III. The negative side:

1. Just because Saul was part of the Old Testament people of God, this does not mean that he was converted. The Old Testament people of God are a mixed multitude. Korah, Dathan, and Abiram rebel against Moses in Numbers 16 and are swallowed up by the earth. Romans 9:6: "For they are not all Israel who are of Israel." See also Romans 2:28-29. You can be a Hebrew ethnically and not be among the elect.

2. God is willing to let unregenerate Israelites rule over his people. An example would be Ahab (see 1 Kgs 17:30-33). Also, we have no promises given to Saul as are given to David and Solomon (cf. 1 Sam 6: 12-16).

3. We need not read the references to Saul’s heart being changed or him being turned into a new man in evangelical terms. It might merely mean that God is shaping him for particular purposes. He uses unregenerate as well as regenerate men to accomplish his purposes. Cf.: Isaiah 10:15: "Shall the ax boast itself against him who chops with it? Or shall the saw exalt itself against him who saws with it? As if a rod could wield itself against those who lift it up, Or as if a staff could lift up, as if it were not wood!"

4. God uses unregenerate prophets. The clearest example is Balaam in Numbers 22-24. Balaam is condemned in the NT for prophesying out fo greed (2 Pet 2:15; Jude 1:11).

5. Similarly, David might have been anointed as king and was therefore deserving of respect, but this does not mean he is saved. Paul respects the authority of the corrupt high priest in Acts 23:2-5.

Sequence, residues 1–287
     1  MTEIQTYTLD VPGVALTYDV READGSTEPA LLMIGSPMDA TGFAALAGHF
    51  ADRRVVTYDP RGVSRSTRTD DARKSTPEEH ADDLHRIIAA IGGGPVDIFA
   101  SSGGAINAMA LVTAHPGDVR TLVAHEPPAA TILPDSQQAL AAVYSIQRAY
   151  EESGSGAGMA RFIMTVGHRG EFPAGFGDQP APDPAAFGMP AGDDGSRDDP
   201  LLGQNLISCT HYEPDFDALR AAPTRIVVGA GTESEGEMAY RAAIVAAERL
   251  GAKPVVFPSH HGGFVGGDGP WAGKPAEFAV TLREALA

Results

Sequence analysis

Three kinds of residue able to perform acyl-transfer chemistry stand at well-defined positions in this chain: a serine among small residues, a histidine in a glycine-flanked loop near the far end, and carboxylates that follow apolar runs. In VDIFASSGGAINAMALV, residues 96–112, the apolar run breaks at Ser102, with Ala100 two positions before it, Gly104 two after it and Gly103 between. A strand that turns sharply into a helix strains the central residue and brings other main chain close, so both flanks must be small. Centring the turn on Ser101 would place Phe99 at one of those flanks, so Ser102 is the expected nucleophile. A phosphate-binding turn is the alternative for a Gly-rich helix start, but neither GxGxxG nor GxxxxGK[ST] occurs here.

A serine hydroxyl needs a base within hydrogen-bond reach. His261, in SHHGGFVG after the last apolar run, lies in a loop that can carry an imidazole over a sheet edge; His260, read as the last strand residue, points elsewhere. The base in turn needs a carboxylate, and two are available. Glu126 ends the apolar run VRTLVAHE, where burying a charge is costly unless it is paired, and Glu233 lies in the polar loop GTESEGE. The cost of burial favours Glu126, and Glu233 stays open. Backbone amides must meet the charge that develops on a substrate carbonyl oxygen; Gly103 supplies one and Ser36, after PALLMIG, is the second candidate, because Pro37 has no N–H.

6. Do we have any sure evidence of Saul’s conversion? Any real fruit. Consider the evaluation of the Chronicler:

1 Chronicles 10:13 So Saul died for his unfaithfulness which he had committed against the LORD, because he did not keep the word of the LORD, and also because he consulted a medium for guidance. 14 But he did not inquire of the LORD; therefore He killed him, and turned the kingdom over to David the son of Jesse.

Consider also Saul’s complete absence from the NT, especially in Hebrews 11 where even men like Samson are rehabilitated in light of God’s grace (see 11:32-33).

IV. Conclusions:

Review our three possibilities above. We can narrow our options to 1 or 2. We must reject option 3, because it does not agree with the analogy of Scripture (cf. John 10:28-29).

How do we know if anyone is converted?

We do not know. God alone is the Judge of our hearts. In the end, all we know is that everyone will praise God for his justice. We will know that he has done right.

The story of Saul should make us tremble and make us want to make our calling and election sure (2 Peter 1:10).

Finally, note that in God’s providence the greatest human evangelist in the human church would begin life with the name of Saul. In Philippians 3:5 Paul proudly declares himself to be "of the tribe of Benjamin, a Hebrew of Hebrews." The name of Saul is vindicated in Paul.

No comments: